As politicians try and hammer out a solution to the Cypriot banking crisis, bank workers protest outside parliament and ordinary citizens feel the pinch as cash becomes scarcer and people hold their breath for a deal to be reached.
Politicians in Cyprus appear to be moving closer towards a rejigged version of the deal agreed last weekend but rejected by MPs, known as plan A. This would entail losses for large depositors, whose savings would be used to levy the Cypriot contribution to its own bailout fund, but smaller savers with less than 100,000 euros would be saved.
As politicians inched closer towards an agreement, about 1000 bank workers gathered outside parliament on Friday waiting for news on Laiki, the island’s second largest bank.
Many fear the loss of their jobs, and many of them have not been to work since the banks closed their doors to customers nearly a week ago.
Three lines of riot police were on hand to stop protesters reaching parliament, although at one point they sat in the road at an intersection near parliament, blocking access for vehicles.
Many Cypriots blame Germany for the crisis. Many people on the streets of Cyprus believe it was mainly German officials who pushed for a Cypriot levy on deposits to be part of any European Central Bank bailout.
Tesa Arcilla, RT’s correspondent in Nicosia, the Cypriot capital, explained that there is a widespread feeling of negativity, especially at the EU, the Troika and Germany.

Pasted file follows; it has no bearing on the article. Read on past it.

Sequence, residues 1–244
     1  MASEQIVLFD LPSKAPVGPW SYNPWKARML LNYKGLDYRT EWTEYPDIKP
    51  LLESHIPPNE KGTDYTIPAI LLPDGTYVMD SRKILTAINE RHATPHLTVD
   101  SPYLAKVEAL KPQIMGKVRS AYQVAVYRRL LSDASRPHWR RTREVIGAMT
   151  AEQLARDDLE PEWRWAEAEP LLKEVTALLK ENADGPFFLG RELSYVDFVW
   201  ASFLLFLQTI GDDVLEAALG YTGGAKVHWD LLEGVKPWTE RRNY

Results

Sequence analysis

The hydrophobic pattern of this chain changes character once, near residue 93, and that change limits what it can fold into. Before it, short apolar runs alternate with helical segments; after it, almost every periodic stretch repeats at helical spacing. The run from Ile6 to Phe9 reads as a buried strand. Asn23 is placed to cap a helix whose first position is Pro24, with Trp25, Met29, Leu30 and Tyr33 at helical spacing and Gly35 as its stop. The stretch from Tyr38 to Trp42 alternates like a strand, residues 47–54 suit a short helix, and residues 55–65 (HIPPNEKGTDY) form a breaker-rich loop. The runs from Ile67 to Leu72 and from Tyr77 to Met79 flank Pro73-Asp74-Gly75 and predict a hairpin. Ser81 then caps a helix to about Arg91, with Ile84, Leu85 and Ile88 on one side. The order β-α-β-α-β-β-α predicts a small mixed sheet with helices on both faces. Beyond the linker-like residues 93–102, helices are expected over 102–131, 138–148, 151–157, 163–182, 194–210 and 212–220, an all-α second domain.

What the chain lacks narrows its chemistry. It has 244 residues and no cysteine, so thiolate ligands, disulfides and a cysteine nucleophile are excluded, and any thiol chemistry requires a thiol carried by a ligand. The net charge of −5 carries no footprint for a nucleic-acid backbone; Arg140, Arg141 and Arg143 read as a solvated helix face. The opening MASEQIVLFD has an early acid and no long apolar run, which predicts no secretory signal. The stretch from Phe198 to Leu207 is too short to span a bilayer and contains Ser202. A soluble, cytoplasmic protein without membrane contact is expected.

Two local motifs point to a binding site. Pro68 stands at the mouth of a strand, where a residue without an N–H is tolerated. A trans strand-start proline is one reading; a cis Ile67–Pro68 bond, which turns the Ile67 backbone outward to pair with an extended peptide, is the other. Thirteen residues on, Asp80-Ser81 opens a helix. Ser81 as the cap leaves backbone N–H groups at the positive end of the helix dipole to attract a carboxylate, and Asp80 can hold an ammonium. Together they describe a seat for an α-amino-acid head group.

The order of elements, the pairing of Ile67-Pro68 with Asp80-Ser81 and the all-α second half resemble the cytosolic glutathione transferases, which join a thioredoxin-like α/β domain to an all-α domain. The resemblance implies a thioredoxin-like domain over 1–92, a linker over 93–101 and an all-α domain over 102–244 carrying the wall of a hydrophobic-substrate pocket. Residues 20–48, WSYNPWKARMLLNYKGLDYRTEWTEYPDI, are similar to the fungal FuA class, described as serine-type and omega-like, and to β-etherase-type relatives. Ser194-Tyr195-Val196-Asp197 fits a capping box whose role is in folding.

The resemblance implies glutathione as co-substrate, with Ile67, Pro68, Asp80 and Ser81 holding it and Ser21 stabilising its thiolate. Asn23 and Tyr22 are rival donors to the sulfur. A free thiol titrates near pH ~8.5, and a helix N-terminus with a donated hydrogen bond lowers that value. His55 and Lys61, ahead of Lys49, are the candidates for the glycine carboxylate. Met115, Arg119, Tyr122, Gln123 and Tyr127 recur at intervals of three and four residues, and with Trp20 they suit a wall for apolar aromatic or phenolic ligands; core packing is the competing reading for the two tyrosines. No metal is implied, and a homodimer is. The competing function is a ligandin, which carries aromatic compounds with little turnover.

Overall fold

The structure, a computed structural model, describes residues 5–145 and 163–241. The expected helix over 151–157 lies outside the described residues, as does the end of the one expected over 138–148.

“It’s not fair, this situation is not just for economic reasons, the main reason is the Europeans want to send the Russians out of Cyprus,” a Cypriot man told RT.
People are worried that the European Central Bank will only supply liquidity to the country until Monday and after that only if an EU, IMF program has been agreed.
The result is a dash for cash on the ground, as Cypriots try and get as much money out as they can from ATMs; many of which have imposed limits on how much can be withdrawn.
A Russian shopkeeper explained that business is down 70% in the last week, while another local shop owner complained of sleepless nights brought on by anxiety.
Another direct effect of the crisis being felt on the ground is that most filling stations no longer accept credit cards and will only take cash as people try to hold on to as much money as possible.
Many people are not confident that the banks will reopen on Monday and people are concentrating on getting through the next few days after already being in limbo for a week, Tesa Arcilla explained.